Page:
Yesterday, we went to one of our favourite bistros to eat HAMBURGERS. Some of you, especially from across the pond, may be somewhat surprised to hear this. Is this not the land of milk and honey, known for its innovative but also traditional gastronomical extravagances ?
You need to understand where we are coming from, or rather, you need to take into account where we live. Deepest, rural France. We grew up with easy access to several different hamburger outlets within easy driving distance. We both have very strong ideas about how we like our hamburgers. Single or double, with or without chips, with or without cheese or bacon, what sauce is the best (for both the hamburger and the chips), what sort of bun we prefer…and of course we have expansive opinions about which outlet is the best, and for what : MacDonalds, Burger King, Wimpy etc etc etc.
So you may be able to imagine the extent of our disappointment when we realised that we now live somewhere where the nearest MacDonalds/Burger King is 50 minutes’ drive away, in a city (our closest city, for that matter). Not that we were ever MacDonanlds addicts, you understand, it’s just the thought. Being deprived of hamburgers. Sad, really. We did not even eat hamburgers that often, in the past. Once every six months or so, and then we chose a restaurant where the meat was organic and very good quality etc. etc. etc.
Suddenly the fact that we do not have easy access to good hamburgers started to annoy us. They must have some sort of burger on their menu’s here, non? This is Gascony after all, the home of demanding gourmets of all shapes and sizes, all walks of life and of all ages. We decided to investigate. Over an unspecified period of time, we visited several restaurants in our immediate vicinity, on a mission to try out their hamburgers, should they have them on the menu.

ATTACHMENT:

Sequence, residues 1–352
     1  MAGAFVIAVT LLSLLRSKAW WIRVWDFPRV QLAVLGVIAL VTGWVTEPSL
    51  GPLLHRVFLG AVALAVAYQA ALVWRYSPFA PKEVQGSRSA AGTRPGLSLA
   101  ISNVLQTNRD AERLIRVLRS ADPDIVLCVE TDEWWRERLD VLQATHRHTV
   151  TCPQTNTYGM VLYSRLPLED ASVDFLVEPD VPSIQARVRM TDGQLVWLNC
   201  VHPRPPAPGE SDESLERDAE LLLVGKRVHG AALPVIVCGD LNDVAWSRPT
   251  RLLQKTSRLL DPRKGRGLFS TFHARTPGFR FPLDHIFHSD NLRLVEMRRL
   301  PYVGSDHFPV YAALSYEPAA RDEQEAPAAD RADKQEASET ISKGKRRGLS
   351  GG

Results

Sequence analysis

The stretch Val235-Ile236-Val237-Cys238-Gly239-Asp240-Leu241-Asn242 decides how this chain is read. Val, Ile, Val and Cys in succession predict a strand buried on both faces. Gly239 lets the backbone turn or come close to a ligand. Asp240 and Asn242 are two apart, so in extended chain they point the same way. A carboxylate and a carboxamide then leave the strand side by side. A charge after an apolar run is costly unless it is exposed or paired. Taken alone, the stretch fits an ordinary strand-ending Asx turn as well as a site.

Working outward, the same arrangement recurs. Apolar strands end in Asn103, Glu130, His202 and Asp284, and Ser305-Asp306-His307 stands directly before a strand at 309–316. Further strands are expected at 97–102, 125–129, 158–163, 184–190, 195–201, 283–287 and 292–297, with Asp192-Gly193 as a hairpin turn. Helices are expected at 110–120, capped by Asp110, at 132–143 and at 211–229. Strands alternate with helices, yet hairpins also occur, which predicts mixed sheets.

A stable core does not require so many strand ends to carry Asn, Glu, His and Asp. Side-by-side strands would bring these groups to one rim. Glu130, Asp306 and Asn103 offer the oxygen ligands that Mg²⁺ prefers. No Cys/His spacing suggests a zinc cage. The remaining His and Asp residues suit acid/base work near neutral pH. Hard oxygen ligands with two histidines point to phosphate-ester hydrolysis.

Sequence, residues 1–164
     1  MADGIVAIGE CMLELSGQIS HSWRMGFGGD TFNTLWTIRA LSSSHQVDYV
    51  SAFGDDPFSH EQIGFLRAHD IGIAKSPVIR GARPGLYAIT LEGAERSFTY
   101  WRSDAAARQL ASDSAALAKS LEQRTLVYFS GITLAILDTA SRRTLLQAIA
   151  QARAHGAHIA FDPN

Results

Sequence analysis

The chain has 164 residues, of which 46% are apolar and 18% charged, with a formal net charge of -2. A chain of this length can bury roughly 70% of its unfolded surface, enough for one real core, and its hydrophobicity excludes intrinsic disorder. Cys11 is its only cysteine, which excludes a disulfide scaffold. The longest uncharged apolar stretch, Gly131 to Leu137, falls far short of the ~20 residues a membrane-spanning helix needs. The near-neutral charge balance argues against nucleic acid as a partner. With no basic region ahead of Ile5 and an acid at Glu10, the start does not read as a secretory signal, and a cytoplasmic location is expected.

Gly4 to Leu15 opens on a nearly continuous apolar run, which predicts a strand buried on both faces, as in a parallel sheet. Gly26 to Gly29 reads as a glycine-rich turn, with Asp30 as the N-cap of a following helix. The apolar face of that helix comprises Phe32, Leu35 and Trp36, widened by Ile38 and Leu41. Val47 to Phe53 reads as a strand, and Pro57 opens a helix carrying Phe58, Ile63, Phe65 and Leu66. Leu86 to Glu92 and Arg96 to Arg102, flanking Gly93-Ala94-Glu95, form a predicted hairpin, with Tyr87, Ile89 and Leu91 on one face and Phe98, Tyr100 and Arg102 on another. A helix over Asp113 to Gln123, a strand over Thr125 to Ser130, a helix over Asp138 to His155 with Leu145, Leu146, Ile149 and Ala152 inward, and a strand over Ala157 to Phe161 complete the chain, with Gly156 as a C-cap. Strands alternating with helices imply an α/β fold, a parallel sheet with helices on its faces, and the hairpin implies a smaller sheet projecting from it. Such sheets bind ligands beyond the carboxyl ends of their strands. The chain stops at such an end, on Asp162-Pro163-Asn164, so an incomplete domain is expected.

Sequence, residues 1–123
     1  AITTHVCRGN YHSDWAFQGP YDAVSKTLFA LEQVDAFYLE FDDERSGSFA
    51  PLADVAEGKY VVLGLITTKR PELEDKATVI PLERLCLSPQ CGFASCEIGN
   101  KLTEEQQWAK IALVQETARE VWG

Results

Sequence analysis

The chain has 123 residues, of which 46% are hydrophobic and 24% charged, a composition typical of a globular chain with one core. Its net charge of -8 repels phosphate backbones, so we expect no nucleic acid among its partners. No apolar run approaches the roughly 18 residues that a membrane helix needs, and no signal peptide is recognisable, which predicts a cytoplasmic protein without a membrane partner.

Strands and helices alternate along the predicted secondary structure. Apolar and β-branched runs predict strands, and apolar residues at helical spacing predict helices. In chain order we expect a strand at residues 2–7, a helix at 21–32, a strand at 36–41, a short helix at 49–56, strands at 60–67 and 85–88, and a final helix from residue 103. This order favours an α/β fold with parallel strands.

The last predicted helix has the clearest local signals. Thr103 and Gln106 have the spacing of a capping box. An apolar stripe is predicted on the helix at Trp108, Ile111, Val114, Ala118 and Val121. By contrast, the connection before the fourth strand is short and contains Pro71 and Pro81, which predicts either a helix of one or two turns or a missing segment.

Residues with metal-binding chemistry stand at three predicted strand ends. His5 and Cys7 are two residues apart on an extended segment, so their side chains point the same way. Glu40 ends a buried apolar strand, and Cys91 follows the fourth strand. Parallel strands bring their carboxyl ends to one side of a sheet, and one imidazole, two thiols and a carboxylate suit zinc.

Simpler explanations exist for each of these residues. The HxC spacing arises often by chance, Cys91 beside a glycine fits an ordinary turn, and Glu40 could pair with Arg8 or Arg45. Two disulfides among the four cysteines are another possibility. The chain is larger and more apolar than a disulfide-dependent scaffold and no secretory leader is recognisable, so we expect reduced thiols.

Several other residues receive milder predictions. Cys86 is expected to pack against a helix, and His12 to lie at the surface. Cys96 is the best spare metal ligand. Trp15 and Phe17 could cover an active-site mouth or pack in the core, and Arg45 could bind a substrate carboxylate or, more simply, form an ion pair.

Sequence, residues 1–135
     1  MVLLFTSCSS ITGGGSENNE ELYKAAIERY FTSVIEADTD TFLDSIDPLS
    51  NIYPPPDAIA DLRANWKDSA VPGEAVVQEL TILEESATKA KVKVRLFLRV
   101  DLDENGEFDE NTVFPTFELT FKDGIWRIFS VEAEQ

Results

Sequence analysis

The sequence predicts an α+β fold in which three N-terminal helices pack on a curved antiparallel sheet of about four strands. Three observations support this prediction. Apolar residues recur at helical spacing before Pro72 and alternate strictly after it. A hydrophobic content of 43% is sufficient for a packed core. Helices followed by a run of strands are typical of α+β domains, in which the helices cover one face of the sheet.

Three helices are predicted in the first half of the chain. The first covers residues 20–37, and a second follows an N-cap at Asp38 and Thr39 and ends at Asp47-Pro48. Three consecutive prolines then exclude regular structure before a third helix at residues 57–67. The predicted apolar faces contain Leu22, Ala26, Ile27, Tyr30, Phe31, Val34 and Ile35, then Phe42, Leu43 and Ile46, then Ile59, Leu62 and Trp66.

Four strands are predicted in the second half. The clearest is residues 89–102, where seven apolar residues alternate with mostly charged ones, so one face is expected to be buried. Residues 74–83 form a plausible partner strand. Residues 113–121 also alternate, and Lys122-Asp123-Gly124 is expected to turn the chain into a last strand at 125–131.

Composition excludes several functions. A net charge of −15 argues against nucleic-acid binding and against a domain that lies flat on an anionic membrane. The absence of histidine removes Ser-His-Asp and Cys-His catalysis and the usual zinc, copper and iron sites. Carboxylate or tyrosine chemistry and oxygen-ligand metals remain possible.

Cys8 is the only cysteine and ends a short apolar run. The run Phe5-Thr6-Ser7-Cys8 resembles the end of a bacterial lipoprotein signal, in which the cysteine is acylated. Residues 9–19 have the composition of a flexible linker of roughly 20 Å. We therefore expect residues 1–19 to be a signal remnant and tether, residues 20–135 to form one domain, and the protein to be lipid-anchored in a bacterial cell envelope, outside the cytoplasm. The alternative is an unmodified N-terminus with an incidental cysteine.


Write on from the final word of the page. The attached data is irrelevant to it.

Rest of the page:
We were pleasantly surprised, at least by the fact that there were quite a few restaurants that did have hamburgers on the menu. Other surprises were less pleasant.
We were invariable asked how we wanted the meat cooked, and we made the mistake of thinking that all hamburger patties will, by definition, be fairly well cooked. No so. Unless you specifically specify « bien cuit », or let’s make it « très bien quit, s’il vous plait », you end up with a nearly raw, definitely bleeding hamburger.
There was also the fact that, as we were eating in restaurants, where they do NOT serve soft drinks, one had to make do with either a glass of water or a glass of wine. We are now experts on what sort of wine to choose when you are having a hamburger. We have tried out a variety of the wines of the region and have come to different conclusions (no surprise there). I prefer a dry Cotes de Gascogne or Saint Mont rosé and my other half a feisty Madiran.
There was also the little but non-negligible matter of ze bun. We like our hamburgers encased in hamburger buns with sesame seeds, not in white bread, not in a French stick, and no, toast will not do either. Arrrrgh !